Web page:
By Roni Dunning, B.A., ABA M.Sc., TAGteach Level 2, Skybound Therapies
The first time a child performs a skill that they haven’t previously demonstrated is always unforgettable! At Skybound Therapies, we’ve been using TAGteach® to help our learners emit spontaneous behaviours in a number of different developmental areas such as imitation, play and social skills. While we use an audible marker, we tend to limit language to teach behaviours that we want to increase in frequency or behaviours that require a chain of steps.
How Does TAGteach Work?
TAGteach enables the teacher to mark a learner’s appropriate behaviour with a sound made using a handheld clicker (or tagger). The tag becomes a conditioned positive reinforcer through association with tangible rewards (access to a preferred toy for example) or praise if the learner finds praise reinforcing. At times, the tag sound can be combined with a small piece of a highly preferred food, a sip of a preferred drink or a token economy system, which helps learners who are being taught skills intensively to understand when they’ve finished that round of teaching and can access a preferred item or activity. We use the terms “reinforcement” and “reinforcing” when referring to things that increase the likelihood that a behavior will happen in future (Skinner, 1957). There is research evidence to support the use of TAGteach and its efficacy in teaching a number of skills, ranging from the teaching of every day tasks to children with autism, movements in sports and to teach surgical procedures to medical students (Jackson, P. A., 2014; Gabler, M., 2013; Fogel et. al, 2010; Levi et. al, 2015).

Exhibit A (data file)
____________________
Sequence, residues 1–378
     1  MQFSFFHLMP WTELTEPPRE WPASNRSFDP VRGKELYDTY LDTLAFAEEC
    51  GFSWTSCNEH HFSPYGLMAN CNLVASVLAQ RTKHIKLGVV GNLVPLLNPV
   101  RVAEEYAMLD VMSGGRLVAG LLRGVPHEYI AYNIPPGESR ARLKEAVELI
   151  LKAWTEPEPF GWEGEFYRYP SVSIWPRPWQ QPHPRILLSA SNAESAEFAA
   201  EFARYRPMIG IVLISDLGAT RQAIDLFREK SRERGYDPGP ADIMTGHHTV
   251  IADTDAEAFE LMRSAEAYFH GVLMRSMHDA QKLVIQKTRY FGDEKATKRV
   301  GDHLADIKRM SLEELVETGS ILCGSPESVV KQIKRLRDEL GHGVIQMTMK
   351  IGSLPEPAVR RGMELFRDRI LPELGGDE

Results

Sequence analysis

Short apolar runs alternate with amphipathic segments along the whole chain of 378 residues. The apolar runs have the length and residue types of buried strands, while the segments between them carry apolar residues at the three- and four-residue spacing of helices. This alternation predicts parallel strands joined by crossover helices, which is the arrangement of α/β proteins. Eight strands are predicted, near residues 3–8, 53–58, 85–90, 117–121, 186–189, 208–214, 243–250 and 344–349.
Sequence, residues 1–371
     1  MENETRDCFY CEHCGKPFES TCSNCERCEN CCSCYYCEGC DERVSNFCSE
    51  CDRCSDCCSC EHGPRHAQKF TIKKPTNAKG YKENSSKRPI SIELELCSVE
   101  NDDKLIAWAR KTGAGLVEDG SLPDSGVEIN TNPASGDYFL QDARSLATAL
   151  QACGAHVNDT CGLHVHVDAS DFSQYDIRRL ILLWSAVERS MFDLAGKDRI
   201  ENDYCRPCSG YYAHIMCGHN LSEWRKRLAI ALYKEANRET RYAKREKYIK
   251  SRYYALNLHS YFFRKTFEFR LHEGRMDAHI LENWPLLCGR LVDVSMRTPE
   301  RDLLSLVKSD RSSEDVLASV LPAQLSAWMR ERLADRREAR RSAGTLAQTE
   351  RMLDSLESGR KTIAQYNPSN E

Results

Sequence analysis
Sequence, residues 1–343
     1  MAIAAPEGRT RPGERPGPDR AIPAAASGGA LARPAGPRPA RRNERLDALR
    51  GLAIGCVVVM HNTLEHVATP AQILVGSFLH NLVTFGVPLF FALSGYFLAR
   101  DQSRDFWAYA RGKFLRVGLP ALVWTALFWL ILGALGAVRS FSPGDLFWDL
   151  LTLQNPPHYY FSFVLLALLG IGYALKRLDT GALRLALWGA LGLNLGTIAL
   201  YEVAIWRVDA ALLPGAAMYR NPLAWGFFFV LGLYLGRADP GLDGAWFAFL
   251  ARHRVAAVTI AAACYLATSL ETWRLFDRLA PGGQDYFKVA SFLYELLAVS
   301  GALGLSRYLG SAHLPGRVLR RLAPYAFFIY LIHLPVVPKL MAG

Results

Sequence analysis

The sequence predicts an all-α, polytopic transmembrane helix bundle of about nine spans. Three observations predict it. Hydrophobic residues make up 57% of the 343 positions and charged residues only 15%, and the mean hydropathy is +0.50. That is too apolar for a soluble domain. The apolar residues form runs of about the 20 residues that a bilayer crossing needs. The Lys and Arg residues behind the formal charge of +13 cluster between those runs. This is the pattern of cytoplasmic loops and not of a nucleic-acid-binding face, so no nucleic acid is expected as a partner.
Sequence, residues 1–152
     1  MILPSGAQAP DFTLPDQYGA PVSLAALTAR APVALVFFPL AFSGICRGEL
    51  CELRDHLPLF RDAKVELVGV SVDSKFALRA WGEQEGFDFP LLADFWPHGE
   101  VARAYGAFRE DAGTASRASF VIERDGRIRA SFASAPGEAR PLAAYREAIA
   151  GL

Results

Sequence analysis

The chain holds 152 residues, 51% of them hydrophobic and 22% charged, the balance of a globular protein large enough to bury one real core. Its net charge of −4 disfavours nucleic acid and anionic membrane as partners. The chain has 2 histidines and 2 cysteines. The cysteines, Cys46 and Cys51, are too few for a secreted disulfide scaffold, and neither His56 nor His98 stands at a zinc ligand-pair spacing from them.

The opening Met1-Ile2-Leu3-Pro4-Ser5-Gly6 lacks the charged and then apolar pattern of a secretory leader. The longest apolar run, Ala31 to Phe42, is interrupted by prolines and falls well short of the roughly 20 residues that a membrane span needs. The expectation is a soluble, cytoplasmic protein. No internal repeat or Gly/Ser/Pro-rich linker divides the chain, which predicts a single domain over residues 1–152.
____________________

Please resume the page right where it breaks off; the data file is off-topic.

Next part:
Shaping vs Prompting